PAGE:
Voice assistants like Google Home and Amazon Echo won’t change banking in 2018
- Bankers agree voice will be the biggest and most important channel to their business after mobile, but they're looking for a clearer sense of how people even use Alexa
- USAA plans to expand broaden its Alexa skill set to serve investment and insurance customers, in addition to its banking customers
Banks are waiting in the wings for people to figure out what they really want from their voice assistants, like Amazon Echo and Google Home.
Bankers agree voice will be the biggest and most important channel to their business after mobile, only this time, it won’t sneak up on them like mobile did. They’re looking at 2018 as a year to get their companies more involved with voice by adding features to their Alexa skills, creating an Alexa skill if they haven’t done so already or expanding Alexa capabilities to other parts of the organization. But for the most part, they’re looking for a clearer sense of how people even use Alexa.
“The channel really hasn’t established what its persona is yet,” said Patrick Kelly, assistant vice president of emerging technologies at USAA. “What Amazon Echo and Google Home are going to be is yet to be determined. That persona drives the user expectations of those devices. We’ll see them start to evolve next year and see what users expect.”
For example, people generally use laptops or desktop computers to engage in “high-intensity, highly complex interactions,” Kelly said. Smart phones are “companion devices” used for quicker, less complex interactions. Tablets are “explorer” devices people use to research things they see on TV or want to casually learn about.
In 2017, USAA, Ally Bank and U.S. Bank launched Alexa skills. Before this year, Capital One was the only bank with the feature, which it launched in 2016. Bank of America revealed its digital assistant, erica, this year too.
While Amazon Echo and Google Home evolve and start advancing their skills and featured content, there’ll be new entrants to the market next year too, like Apple HomePod.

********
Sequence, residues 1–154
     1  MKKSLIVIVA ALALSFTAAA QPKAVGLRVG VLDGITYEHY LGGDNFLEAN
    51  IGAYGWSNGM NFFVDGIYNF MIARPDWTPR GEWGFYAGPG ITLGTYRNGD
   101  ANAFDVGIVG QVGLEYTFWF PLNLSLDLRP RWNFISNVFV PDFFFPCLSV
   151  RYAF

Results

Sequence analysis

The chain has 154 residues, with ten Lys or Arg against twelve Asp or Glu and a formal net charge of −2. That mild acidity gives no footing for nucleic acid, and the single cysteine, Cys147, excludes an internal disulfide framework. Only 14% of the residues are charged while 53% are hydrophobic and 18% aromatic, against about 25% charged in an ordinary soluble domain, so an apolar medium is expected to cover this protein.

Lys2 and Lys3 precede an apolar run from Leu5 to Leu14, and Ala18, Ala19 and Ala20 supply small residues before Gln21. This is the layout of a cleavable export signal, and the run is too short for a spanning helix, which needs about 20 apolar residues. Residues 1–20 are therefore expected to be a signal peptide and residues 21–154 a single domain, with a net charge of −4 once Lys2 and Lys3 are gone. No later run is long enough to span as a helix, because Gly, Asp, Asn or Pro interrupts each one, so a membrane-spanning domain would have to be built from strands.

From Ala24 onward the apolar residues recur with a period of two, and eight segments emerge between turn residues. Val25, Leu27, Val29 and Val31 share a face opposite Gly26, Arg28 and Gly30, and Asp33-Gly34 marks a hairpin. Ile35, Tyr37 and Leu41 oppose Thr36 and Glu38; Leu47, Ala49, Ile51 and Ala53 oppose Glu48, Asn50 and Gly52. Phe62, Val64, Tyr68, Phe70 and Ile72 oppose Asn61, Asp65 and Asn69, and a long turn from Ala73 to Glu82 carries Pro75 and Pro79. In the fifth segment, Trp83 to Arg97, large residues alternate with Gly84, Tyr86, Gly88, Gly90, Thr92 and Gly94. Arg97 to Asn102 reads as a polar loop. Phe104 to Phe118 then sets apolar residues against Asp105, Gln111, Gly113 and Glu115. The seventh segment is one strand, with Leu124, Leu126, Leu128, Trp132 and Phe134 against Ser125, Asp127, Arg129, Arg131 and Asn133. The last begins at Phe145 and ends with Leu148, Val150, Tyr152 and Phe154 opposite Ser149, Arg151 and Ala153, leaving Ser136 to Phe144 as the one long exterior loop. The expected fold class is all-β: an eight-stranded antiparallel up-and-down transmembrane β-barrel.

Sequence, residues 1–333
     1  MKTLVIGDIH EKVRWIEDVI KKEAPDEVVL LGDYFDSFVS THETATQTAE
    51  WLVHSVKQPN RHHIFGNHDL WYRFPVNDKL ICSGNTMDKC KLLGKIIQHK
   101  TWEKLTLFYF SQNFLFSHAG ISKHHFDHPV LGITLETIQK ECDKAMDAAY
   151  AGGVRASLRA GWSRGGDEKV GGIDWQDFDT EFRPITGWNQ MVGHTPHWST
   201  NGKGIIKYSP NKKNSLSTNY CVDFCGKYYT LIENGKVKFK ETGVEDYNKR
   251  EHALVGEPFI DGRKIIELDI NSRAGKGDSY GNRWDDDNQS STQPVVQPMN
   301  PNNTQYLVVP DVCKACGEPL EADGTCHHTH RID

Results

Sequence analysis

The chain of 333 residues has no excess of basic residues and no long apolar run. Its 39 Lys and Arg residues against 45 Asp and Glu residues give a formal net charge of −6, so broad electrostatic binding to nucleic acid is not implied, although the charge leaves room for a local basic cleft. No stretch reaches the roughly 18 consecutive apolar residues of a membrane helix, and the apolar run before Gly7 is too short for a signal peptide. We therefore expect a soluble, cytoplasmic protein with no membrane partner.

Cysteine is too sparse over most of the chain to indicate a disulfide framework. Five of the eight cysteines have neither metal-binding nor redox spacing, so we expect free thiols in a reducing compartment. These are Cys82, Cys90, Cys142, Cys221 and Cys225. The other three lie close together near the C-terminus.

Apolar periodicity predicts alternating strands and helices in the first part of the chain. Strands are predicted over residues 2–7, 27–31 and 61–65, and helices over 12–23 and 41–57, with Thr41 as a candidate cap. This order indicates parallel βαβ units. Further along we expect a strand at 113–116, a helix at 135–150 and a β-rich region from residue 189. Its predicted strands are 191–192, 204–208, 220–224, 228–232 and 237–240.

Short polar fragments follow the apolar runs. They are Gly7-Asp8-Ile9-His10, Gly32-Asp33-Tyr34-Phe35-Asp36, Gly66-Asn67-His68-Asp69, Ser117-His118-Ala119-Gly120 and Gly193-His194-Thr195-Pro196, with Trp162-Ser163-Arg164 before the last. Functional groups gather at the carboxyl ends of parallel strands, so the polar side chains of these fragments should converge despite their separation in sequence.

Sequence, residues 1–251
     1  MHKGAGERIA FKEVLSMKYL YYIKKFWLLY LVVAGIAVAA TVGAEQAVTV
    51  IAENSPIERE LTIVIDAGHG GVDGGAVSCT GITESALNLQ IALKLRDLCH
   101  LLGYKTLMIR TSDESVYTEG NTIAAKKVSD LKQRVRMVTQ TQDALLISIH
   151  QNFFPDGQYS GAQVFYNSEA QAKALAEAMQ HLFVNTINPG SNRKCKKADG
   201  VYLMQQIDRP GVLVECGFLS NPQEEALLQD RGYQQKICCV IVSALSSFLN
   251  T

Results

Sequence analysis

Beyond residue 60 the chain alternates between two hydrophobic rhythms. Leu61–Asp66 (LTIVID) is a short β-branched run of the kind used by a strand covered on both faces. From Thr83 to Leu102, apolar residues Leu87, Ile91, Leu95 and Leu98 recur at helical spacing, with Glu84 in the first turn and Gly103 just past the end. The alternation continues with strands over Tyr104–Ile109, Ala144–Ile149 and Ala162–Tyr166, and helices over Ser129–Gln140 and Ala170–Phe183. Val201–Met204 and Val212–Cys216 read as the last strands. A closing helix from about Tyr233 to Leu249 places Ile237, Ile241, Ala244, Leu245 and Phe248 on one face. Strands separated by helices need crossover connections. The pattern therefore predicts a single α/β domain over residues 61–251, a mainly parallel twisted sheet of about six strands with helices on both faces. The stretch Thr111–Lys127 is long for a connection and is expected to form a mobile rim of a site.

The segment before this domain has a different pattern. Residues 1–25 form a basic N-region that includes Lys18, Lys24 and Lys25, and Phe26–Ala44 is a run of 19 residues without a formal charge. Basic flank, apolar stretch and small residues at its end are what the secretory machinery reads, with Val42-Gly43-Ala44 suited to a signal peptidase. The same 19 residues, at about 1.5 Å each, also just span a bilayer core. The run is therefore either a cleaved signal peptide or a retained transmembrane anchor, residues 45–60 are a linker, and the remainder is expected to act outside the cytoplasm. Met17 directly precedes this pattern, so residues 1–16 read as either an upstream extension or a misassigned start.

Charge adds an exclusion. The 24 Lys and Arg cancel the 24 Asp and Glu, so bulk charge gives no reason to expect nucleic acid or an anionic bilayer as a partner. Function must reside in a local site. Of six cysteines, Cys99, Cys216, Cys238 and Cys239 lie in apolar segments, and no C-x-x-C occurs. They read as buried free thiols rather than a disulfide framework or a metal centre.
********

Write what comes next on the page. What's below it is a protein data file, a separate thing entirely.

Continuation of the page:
“I expect the devices to get more sophisticated,” Kelly said. Google Home introduced the first layer of increased sophistication in home assistant devices, when it launched with the ability to analyze voice harmonics, allowing it to recognize five different voices, which Echo couldn’t do at the time, but can now.
Kelly said he expects the tech giants to add more features to the devices and see financial services firms create skills “just to try them out and see what happens.”
But there’s a huge obstacle holding banks back from integrating into home assistant devices: security and authentication. It’s an inhibitor for mass experimentation, according to Rajesh John, a principal in the financial institutions practice of A.T. Kearney, a global strategy and management consulting firm. But he said banks are working earnestly on solving them so they can get moving on voice innovation.
“It’s unclear how fast experimentation is going at the banks,” John said. “We’ve heard many people be very bullish about the voice channel but we also hear concerns about the security and hacking of the bot.”
For example, John has heard clients voice concerns about bots that have been hacked and yelled or cursed at the customer.
While there’s a lot to wait on from the device manufacturers and security features, banks are embracing the fact that to stay competitive with other industries’ customer experiences, banks will become invisible brands that provide the services but lose the customer interface. Voice could be a way to keep them engaged with the bank brand.
“Wherever you are and how you want to interface with your companies, you’re going to expect them to be on the digital properties where you spend your time,” said Heather Cox, chief technology and digital officer of USAA. “Our members spend a lot of time on Amazon, Facebook and Google and how we get to them in their moment of need, when they just want to ask a question, is going to be the biggest challenge we face. The days of picking up their phones and dialing, opening mobile their app, opening their desktop and logging in — it’s all going away.”
USAA plans to launch more skills, Kelly said. This summer it launched an Alexa skill for its bank customers that allows them to check balances, review spending history and get other account insights based on their transactions. Darrius Jones, assistant vp at USAA Labs, told Tearsheet at the time that the skill is designed “to paint a proper picture of what’s going on with your finances,” insisting it pushes insights, not advice. But in 2018 USAA plans to broaden its Alexa skill set to serve investment and insurance customers as well, according to Kelly.
More broadly, banks will figure out what skills they need to build or branch off into new, “exploratory” skills to see which have traction.
“We’ll start to see appreciable volumes pick up. When dot com sites launched, the adoption curves were fairly slow; when mobile launched, apps’ adoption curves were extremely fast. We’ll start to see conversational adoption curves curves take off at the end of next year; they’ll start to grow very fast, maybe even faster than mobile.”